Food in Japan: So much more than sushi

Before my trip to Japan, I was particularly excited about a special topic: FOOD! I already had a first impression of what to expect from the numerous books that I have read, but also from various films and animes. Because yes, Japanese food is so much more than sushi. I had already tried ramen in Düsseldorf and I had eaten Japanese several times in Vietnam, but I was full of anticipation of being able to try Japanese food in Japan.

Eating out in Japan: One restaurant follows the other

Shortly after arriving, we noticed that food is very important in Japan *jippy*. One restaurant follows another. Even the smallest space seems to be used gastronomically. To our great surprise, however, it seems as if vegetarian and vegan food has not yet caught on in Japan as it has in many European cities, for example. Although I am mostly vegetarian at home, preferably even vegan, when I travel I am relatively open to dishes from other cultures and countries. A country's cuisine can tell so much history while providing an insight into the culture. I want to get involved with the country and the people abroad, get to know them and try to understand them. And understanding, like love, often goes through the stomach.



Japanese Food Culture: More Than Just Gyoza

Nevertheless, I was a bit surprised how many meat dishes are offered in Japan. Gyoza is offered on every corner (Gyoza are small dumplings filled with minced pork). Somehow I always had the idea that Japanese cuisine consists mainly of fish, rice and vegetables. It's not that less fish than meat is offered, but meat also seems to play a very dominant role in Japanese gastronomy, which I personally, as a vegetarian, found a bit unfortunate, but I was also happy to learn a bit more about Japanese food culture and to learn history. This may be due to the fact that the consumption of meat was forbidden in large parts of Japan for several centuries due to Buddhist teachings. Nowadays, the ban has long since passed, but I had the impression that the high level of meat consumption in Japan today was a kind of after-effect.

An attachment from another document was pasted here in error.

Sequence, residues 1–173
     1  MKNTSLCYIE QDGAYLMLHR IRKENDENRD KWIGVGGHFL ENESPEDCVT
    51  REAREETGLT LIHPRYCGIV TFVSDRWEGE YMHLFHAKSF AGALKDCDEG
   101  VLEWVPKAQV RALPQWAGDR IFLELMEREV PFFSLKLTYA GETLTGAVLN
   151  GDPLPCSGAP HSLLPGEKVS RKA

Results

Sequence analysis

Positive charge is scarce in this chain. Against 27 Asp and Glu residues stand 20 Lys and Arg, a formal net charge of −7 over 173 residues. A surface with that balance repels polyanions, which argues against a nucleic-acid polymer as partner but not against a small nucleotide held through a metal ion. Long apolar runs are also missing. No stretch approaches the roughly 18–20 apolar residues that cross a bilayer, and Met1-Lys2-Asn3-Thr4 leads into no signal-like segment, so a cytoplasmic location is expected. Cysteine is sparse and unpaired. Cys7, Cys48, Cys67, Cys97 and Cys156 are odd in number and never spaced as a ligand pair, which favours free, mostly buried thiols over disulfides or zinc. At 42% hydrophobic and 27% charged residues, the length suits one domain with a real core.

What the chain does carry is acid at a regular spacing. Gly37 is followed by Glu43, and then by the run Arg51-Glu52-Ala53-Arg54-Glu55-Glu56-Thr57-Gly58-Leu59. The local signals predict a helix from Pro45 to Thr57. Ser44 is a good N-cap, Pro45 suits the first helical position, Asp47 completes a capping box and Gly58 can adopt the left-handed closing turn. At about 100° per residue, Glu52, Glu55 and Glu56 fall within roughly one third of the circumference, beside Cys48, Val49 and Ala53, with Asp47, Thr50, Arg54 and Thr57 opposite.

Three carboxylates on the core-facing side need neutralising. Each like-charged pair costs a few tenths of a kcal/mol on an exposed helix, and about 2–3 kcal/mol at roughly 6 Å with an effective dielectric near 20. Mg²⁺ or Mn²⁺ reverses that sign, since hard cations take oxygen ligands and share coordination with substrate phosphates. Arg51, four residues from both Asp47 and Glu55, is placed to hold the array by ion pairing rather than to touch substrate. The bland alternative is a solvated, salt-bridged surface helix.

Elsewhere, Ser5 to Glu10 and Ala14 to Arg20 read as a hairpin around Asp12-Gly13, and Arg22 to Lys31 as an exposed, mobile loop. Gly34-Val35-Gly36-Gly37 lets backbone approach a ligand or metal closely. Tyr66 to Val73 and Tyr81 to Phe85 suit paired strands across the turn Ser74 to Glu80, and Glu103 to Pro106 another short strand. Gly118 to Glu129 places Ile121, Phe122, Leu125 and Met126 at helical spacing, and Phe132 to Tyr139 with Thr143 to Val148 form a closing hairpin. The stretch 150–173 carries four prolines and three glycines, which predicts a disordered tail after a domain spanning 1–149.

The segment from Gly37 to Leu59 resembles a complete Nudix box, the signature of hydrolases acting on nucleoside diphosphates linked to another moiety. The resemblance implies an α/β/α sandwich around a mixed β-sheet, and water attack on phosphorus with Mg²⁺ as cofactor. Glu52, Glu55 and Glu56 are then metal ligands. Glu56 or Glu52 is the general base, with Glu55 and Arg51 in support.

The traditional Japanese cuisine

Traditional Japanese cuisine tries to emphasize the natural and original taste of the ingredients used instead of changing it, as is often the case in Western cuisine. As a rule, therefore, particular importance is attached to the quality of the ingredients. And you can taste it too! But back to the topic. I really tried my hand at every opportunity I got. One or the other shape and color of the food in Japan may seem strange to some, but optically almost everything really “appealed” to me. I'm relatively receptive to the language of Essen. As is well known, the eye also eats and that's why I personally think that the food in Japan is arranged in a particularly "kawaii" way.

It already starts with that Bento (Oh, how often did I wish for a bento like this when I was a child) and turns into veritable little works of art like rice balls with seaweed faces or Matcha ice cream with gold chips. There are really no limits to creativity. In the big cities of Japan, most restaurants present the dishes from the menu in pictures or in the popular, lovingly handcrafted plastic models. Oh yes, and while we're at it, that's exactly what I appreciate about the service in Japan: the attention to detail! Just like the room layouts, every dish, no matter how simple, seems to have been carefully thought through. Here are my personal favorite foods from Japan:

1. Takoyaki (Japanese octopus balls)

I already knew Takoyaki from various books and manga. There was hardly a food I would have liked to try more than takoyaki. are takoyaki hot octopus balls and one of the most popular street food snacks from Japan. The balls originally come from Osaka, more precisely from Kansai, and have been very popular throughout Japan for many years. They are often sold at train stations, schools, festivals and amusement parks.

Takoyaki Japanese Octo

Although they are considered a Japanese street food snack, the portions are quite large with at least 8 pieces and were at least a whole lunch for me because they also fill you up for a relatively long time. There are now also modified forms of Takoyaki without octopus. The Japanese associate takoyaki with conviviality, joy and warmth. This is mainly due to the fact that the balls are served very hot and warm from the inside in winter. A lot of Japanese people seem to be just as passionate about food as I am. One more reason why I immediately fell in love with the country.

"If you're true to yourself and live your life boldly, maybe one day you'll meet that person who just wants to have takoyaki with you."

Natsuki Takaya

2. Okonomiyaki: The Japanese pancake

I will definitely never forget our Okonomiyaki experience. It was the last night in Fujiyoshida when we decided to try an okonomiyaki restaurant. The "Airaguma Rasukaru", a human-sized raccoon figure in front of the restaurant, literally enchanted us, so we just went into the restaurant. We were obviously the only foreigners and didn't really know how an okonomiyaki restaurant worked.